Magic Truffles & Mushrooms Are The Safest Recreational Drug To Consume

Published :
Categories : Default

Magic Truffles & Mushrooms Are The Safest Recreational Drug To Consume

The most recent Global Drug Survey interviewed 120,000 people. Only 0.2% of recreational drug users reported the need to visit A&E after taking magic mushrooms. This makes psilocybin the least dangerous of all the drugs investigated.

Illegal yes, but compared to the increasingly pure chemicals available today and the scourge of drugs like ice. This ancient drug is proving to be super safe.

Things just keep getting better and better for magic mushrooms. Recent studies have shown that psilocybin may prove to be a potent psycho-therapeutic aid with little to no ill side-effects. Other studies show that it has life enhancing and long lasting positive effects on the terminally ill.

Most recently the Global Drug Survey 2017, which encompasses 50 countries and surveys an average of 120,000 people, has proven magic mushrooms to be the least dangerous recreational drug of all.

For the survey safety was considered as how many visits were made to A&E for adverse side effects to drugs of choice. Meth and synthetic cannabis top the list with 4.8% and 3.2% respectively. Ecstasy, amphetamines and cocaine users have also seen a recent rise in the need for emergency attention. These drugs are being made worryingly stronger per dose to compete in a saturated market.

The GDS rates natural cannabis as the second least harmful recreational drug. A sad irony when synthetic cannabis is a particular worry in many countries of the world.

One in thirty users reported a need for medical help. This rises to one in ten when used over fifty times per year. A smorgasbord of dangerous compounds are used to mimic the effects of THC. These compounds are often odourless and tasteless and can have serious effects. Synthetic cannabis has been linked to deaths, serious illness, psychotic breaks and self harm.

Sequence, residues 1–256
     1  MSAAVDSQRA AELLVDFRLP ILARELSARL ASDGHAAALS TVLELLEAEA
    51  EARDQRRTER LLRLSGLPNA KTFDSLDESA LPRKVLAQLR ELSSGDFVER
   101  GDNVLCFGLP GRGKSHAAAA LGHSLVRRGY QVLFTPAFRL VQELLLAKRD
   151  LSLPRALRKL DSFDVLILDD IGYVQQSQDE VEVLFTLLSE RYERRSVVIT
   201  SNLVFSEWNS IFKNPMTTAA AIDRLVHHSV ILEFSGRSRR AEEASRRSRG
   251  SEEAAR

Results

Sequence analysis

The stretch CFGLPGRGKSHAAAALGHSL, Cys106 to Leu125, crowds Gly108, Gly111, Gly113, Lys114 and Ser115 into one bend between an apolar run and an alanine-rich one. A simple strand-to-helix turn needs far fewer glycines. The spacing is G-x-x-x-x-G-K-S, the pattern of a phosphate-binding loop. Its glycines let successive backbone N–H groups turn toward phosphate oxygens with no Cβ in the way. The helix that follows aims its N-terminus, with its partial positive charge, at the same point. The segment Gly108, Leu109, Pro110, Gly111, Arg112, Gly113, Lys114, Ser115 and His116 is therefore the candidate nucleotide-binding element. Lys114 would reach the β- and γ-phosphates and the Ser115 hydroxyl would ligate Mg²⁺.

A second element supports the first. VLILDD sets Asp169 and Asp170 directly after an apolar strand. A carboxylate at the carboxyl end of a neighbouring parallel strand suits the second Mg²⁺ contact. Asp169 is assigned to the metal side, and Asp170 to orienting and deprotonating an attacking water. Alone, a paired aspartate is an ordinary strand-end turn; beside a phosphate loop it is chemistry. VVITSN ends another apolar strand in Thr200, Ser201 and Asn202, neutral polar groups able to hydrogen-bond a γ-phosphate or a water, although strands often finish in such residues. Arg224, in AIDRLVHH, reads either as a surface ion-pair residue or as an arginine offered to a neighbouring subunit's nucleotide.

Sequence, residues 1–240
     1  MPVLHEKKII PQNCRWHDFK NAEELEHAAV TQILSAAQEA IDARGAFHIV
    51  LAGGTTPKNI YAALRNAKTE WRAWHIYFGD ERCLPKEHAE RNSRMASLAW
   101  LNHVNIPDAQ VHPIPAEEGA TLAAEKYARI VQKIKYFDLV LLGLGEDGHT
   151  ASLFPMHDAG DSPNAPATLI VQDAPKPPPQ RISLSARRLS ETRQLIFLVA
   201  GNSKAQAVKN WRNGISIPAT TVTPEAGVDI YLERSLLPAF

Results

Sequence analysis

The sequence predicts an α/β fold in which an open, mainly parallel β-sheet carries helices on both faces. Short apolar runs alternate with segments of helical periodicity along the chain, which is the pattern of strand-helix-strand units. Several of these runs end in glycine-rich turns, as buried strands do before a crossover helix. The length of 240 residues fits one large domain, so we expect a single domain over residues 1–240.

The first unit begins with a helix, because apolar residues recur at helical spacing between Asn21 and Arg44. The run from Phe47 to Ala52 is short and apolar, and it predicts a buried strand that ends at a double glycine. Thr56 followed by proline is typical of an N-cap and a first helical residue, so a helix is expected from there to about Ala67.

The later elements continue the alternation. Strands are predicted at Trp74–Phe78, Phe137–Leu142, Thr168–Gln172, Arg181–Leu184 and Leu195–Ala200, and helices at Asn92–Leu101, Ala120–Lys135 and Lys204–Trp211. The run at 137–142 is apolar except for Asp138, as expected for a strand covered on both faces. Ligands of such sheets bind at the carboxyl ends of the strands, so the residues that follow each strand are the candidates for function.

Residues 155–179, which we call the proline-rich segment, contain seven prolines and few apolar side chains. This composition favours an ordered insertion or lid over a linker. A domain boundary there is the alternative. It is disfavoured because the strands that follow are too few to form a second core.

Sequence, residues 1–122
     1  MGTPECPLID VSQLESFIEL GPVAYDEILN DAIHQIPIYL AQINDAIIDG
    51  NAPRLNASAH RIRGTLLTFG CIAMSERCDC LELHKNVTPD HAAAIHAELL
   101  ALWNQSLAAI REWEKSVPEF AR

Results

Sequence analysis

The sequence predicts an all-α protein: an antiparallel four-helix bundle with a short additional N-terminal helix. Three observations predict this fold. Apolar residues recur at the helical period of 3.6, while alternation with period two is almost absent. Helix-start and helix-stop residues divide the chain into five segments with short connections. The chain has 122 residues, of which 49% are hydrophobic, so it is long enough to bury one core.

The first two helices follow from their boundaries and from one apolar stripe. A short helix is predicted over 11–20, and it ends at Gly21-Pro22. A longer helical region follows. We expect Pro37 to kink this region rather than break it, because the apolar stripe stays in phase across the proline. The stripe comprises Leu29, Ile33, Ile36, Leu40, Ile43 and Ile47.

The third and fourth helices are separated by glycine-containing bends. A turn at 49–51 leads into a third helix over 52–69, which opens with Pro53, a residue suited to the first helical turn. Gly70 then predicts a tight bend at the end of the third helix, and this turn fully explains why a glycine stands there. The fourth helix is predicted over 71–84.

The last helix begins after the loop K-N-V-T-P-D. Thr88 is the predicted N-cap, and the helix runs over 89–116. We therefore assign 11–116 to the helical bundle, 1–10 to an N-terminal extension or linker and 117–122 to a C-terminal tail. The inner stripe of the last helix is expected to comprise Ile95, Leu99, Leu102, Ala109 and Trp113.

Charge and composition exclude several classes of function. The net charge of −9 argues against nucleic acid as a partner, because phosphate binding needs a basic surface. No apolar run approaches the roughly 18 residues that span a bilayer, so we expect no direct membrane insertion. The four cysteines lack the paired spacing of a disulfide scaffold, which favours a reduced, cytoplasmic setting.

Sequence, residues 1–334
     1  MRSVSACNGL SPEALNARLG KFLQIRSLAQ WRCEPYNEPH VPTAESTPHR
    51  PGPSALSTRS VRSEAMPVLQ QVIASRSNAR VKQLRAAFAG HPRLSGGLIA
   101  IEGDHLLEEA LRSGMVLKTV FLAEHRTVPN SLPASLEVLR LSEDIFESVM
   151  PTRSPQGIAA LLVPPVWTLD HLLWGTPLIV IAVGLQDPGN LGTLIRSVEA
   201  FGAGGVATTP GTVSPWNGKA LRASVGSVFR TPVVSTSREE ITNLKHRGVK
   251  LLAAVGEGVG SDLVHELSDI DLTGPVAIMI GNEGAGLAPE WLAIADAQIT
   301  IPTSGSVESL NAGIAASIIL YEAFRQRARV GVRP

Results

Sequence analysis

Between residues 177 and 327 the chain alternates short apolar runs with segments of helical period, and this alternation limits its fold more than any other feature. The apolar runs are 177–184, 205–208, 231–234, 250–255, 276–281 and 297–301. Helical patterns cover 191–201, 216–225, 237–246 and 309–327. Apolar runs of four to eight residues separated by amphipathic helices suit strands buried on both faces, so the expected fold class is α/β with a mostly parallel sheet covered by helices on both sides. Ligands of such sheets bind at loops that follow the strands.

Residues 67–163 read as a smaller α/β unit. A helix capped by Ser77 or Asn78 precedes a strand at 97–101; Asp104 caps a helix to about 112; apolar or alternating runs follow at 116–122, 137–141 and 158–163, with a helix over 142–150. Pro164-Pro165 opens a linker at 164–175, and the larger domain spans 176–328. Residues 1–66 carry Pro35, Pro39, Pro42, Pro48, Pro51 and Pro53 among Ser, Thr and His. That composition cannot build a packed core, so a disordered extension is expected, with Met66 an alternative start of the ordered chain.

Of the 10,000 people who reported to have taken mushrooms only 0.2 % needed attention at an A&E. That's 24 people compared to five times as many for MDMA or cocaine in the same period.

Ironically the greatest danger when taking mushrooms is poor identification. Many other toxic fungi resemble cubensis and its cousins in the wild. More cases of toxicity are reported than negative effects from a "bad trip".

Dr. Adam Winstock, author of the GDS, notes that magic mushrooms are not completely harmless. "Combined use with alcohol and use within risky unfamiliar settings increase the risks of harm, most commonly accidental injury, panic and short lived confusion, disorientation and fears of losing one's mind". The old adage of set and setting are very important.

Magic mushrooms may be the most benign as far as admissions to A&E, but they are proving to be good even when they are bad.

In a separate research piece from Johns Hopkins Medicine a 2016 paper surveyed 2000 individuals about their most challenging experiences with magic mushrooms. Of the sample 2.7% sought medical assistance and 7.4% sought help for persistent psychological symptoms. Even so, 84% of those that have had a "bad trip" reported that the after effects still held profound messages that changed lives for the better.

Psychedelics as a class of compounds are receiving ever more attention from the professional mental health community. They are also proving to be the least dangerous drugs when used recreationally. Psilocybin particularly is standing out as a psychotherapeutic aid in the treatment of anxiety and depression and has beneficial applications in palliative care.

Legislators need to pay attention to the positive results presented by science. Old fashioned beliefs about "demon drugs" that go to form international policy should be considered embarrassing in the face contemporary research.